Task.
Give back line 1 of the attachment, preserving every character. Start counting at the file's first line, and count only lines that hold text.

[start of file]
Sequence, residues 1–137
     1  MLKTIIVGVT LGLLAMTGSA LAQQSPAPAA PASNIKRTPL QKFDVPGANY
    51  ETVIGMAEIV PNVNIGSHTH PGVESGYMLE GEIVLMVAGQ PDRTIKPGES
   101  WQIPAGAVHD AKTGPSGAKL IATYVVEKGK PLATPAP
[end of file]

Sequence, residues 1–137